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Bruins notebook

First postseason could grow on Horton

Goalies Tim Thomas and Tuukka Rask (background) take a breather during practice at Ristuccia Arena yesterday. Goalies Tim Thomas and Tuukka Rask (background) take a breather during practice at Ristuccia Arena yesterday. (John Tlumacki/Globe Staff)
By Fluto Shinzawa
Globe Staff / April 13, 2011

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WILMINGTON — Nathan Horton never has had to grow a playoff beard. Horton has appeared in 502 NHL games, none in the postseason.

Now, as he prepares for his postseason initiation, Horton bears a shadow of scruff he hopes will explode into a full beard.

Asked if his down-the-stretch sprint with the Bruins was his version of playoff hockey, Horton said, “It’s different, but I’ve tried to think like that and be a different player. You’re not always going to touch the puck, but you’ve got to do something to help your team.’’

Horton’s body of work during the regular season proved he’s a capable No. 1 right wing on a team that went without one last year. Horton scored 26 goals, second on the team behind linemate Milan Lucic (30).

Horton went through long stretches in December and January when he showed only flickers of a heartbeat. But he closed the season with 7 points (all assists) in the last 10 games, a respectable output.

Perhaps the most encouraging characteristic of Horton’s game has been his sandpaper. This season, he fought seven times, once more than he had in six seasons in Florida. He fought Toronto’s Dion Phaneuf twice. He KO’d Edmonton’s Theo Peckham with a right. In Game No. 81, he engaged Ottawa’s Zack Smith in a haymaker-heavy scrap in front of the Boston bench.

The fights indicate that Horton, like many of his teammates, was most effective when he was emotionally engaged.

There most likely will be no fights in the playoffs. But the Bruins will need Horton to play his heavy, rugged game — the one that mirrors Lucic’s booming approach and meshes with David Krejci’s slick playmaking.

The question is how Horton will adjust to the playoffs. Horton, Brad Marchand, and Gregory Campbell never have dressed for the postseason.

“You have to have that confidence in them that you’re going to get the same player,’’ said coach Claude Julien. “I can use the example of Lucic. When he first came to us, he had no NHL playoff experience. He turned out to be a pretty good player in that seven-game series against Montreal that year.

“The expectations of the player shouldn’t change if you’re happy with the way he’s played.’’

Chara is ready Zdeno Chara has spoken recently with Max Pacioretty, the Canadien he injured March 8, although the Bruins captain didn’t disclose the nature of the conversation.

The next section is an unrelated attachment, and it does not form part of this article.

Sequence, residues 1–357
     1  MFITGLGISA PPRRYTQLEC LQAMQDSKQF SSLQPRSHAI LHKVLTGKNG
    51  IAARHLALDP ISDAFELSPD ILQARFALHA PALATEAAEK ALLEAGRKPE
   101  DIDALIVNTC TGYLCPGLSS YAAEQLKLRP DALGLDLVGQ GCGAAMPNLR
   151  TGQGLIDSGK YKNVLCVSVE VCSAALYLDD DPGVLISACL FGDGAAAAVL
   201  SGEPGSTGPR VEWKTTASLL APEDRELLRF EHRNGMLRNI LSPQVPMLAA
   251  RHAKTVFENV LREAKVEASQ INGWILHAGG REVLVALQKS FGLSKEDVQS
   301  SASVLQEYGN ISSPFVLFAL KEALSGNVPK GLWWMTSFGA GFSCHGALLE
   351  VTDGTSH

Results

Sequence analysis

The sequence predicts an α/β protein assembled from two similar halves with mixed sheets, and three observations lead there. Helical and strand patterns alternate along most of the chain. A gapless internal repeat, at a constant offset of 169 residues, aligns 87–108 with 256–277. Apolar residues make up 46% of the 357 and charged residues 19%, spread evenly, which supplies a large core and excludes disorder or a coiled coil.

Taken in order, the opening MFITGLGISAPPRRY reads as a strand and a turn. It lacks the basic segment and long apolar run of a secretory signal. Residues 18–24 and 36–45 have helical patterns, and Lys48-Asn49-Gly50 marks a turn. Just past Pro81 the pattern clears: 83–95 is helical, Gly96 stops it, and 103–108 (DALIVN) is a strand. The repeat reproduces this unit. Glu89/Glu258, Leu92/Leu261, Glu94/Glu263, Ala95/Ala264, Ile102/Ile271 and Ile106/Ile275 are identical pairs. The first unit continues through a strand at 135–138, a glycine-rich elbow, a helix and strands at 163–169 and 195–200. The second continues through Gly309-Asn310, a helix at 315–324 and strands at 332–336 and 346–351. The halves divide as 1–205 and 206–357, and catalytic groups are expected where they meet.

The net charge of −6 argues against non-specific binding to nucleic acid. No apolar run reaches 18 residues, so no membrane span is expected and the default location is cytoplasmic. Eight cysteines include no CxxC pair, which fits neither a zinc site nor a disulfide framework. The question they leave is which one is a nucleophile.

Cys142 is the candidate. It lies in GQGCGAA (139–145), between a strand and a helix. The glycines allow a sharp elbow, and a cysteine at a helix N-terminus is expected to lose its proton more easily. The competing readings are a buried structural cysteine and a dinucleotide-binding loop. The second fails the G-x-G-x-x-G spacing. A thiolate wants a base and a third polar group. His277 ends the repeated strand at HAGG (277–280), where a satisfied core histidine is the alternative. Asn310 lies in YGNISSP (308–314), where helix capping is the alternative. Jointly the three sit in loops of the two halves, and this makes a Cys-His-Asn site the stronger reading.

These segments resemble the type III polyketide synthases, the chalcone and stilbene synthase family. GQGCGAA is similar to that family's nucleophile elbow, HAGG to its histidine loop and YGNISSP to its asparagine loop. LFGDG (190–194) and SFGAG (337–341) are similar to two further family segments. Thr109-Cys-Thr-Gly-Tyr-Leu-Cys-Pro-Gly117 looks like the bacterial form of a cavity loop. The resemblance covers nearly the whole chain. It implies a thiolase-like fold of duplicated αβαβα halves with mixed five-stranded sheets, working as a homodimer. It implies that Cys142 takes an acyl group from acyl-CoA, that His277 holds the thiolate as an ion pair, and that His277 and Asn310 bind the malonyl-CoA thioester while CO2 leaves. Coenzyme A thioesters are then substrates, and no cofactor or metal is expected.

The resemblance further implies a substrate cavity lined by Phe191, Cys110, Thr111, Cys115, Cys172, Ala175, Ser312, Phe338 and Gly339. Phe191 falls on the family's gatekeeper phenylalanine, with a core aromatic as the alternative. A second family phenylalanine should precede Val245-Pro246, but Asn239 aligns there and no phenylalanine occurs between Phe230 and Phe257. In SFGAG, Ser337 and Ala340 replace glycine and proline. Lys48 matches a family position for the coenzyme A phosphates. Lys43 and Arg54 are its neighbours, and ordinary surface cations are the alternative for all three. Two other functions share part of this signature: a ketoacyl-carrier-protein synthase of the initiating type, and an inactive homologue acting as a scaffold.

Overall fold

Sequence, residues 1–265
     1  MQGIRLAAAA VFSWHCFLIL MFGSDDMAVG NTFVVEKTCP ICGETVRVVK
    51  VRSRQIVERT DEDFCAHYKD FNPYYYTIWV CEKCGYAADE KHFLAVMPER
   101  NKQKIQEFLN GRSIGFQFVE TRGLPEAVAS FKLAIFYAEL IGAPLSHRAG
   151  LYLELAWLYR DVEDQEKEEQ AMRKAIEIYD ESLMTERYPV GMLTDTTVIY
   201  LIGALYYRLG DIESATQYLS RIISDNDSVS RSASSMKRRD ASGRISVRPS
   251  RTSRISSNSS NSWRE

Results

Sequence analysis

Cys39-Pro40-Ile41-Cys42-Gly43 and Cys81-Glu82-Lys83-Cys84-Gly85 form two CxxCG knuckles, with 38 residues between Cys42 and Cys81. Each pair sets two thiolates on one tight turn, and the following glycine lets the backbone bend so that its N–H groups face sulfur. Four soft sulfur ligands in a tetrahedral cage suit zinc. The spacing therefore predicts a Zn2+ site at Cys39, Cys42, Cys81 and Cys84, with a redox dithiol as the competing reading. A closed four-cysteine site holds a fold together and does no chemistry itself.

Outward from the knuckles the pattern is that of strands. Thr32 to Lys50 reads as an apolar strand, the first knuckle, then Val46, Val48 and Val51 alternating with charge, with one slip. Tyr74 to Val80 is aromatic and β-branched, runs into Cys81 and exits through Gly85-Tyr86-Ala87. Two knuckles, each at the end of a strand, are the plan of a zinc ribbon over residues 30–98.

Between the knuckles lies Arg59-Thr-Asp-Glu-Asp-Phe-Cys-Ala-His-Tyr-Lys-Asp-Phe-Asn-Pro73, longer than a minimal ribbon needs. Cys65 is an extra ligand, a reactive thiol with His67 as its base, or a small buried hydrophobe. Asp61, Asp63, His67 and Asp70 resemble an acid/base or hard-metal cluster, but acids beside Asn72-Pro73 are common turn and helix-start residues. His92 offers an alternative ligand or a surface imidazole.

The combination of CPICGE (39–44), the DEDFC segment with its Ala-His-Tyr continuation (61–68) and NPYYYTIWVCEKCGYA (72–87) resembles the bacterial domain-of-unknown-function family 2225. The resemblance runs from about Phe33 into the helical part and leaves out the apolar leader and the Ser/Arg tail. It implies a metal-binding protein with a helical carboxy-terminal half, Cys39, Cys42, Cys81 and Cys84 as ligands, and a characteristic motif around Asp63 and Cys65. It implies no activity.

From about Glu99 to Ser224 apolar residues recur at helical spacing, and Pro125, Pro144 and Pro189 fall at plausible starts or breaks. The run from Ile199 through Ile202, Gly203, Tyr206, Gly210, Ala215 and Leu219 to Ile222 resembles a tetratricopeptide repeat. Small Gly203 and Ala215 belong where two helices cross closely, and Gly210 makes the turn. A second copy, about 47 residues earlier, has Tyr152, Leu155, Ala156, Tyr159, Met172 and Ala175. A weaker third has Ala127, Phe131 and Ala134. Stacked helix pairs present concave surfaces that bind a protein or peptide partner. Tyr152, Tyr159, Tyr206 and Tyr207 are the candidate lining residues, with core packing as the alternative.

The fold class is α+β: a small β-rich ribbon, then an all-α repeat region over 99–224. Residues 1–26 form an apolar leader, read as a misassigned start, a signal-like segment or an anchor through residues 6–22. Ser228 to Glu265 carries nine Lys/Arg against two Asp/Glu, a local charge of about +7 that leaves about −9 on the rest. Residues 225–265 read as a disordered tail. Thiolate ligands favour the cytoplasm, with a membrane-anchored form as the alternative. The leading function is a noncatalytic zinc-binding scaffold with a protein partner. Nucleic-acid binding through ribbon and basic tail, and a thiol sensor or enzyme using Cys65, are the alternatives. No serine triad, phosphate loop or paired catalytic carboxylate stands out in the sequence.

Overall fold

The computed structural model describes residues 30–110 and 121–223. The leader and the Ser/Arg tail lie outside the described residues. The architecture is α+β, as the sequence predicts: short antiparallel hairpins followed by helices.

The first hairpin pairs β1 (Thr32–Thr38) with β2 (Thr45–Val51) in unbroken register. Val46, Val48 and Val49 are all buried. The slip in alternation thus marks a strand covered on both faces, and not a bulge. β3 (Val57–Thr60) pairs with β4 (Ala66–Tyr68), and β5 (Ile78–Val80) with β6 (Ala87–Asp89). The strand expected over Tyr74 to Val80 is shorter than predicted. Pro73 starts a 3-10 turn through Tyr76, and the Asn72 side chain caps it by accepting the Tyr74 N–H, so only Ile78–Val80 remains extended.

Chara has been informed that he will not be subject to questioning by Montreal authorities once he crosses the border before Game 3. So consider the captain ready to kick off the first round.

“It’s the playoffs,’’ Chara said. “It’s very exciting. It’s what we all play for. It’s the playoffs and another shot at winning.’’

In the six regular-season meetings with Montreal, Chara had one goal and four assists. He was tagged with 29 penalty minutes, 25 from two incidents involving Pacioretty. Chara received a 10-minute misconduct Jan. 8 for a scuffle following Pacioretty’s overtime winner. On March 8, Chara was tagged with a five-minute interference major and a game misconduct after driving Pacioretty into one of the Bell Centre stanchions.

Chara shrugged off any concerns about the leather-lunged treatment he’ll get in Montreal.

“It’s been like that for years,’’ Chara said. “It’s not going to be any different. We all have to just focus on the game.’’

Staying at 9 The NHL draft lottery took place last night, and the Bruins did not move up. They will pick ninth, courtesy of the Phil Kessel trade with Toronto. The Bruins had a 2.7 percent chance of selecting as high as fifth. The draft will take place June 24 in Minnesota. The Devils won the lottery, but teams can’t move up more than four spots, leaving Edmonton with the first overall pick and New Jersey with the fourth pick. Colorado will choose second, Florida third, the Islanders fifth and the Senators sixth . . . The Bruins will practice in Lake Placid, N.Y., next Tuesday and Wednesday, between games in Montreal. They had considered returning to Boston or staying in Montreal for the two off days. Practices will be closed to the public.

Still dangerous The Canadiens will be without Andrei Markov and Josh Gorges for the series. They were top-four defensemen before their knee injuries. Montreal also will be missing Pacioretty (fractured vertebra, concussion), who is not likely to be cleared to play . . . Tyler Seguin was the fourth forward on the third line alongside Chris Kelly, Rich Peverley, and Michael Ryder. Peverley took most of the shifts at center, while Kelly skated on the left side. Peverley had been on the left side for most of his time in Boston. He centered the No. 3 line for the final two regular-season games.

Fluto Shinzawa can be reached at fshinzawa@globe.com.

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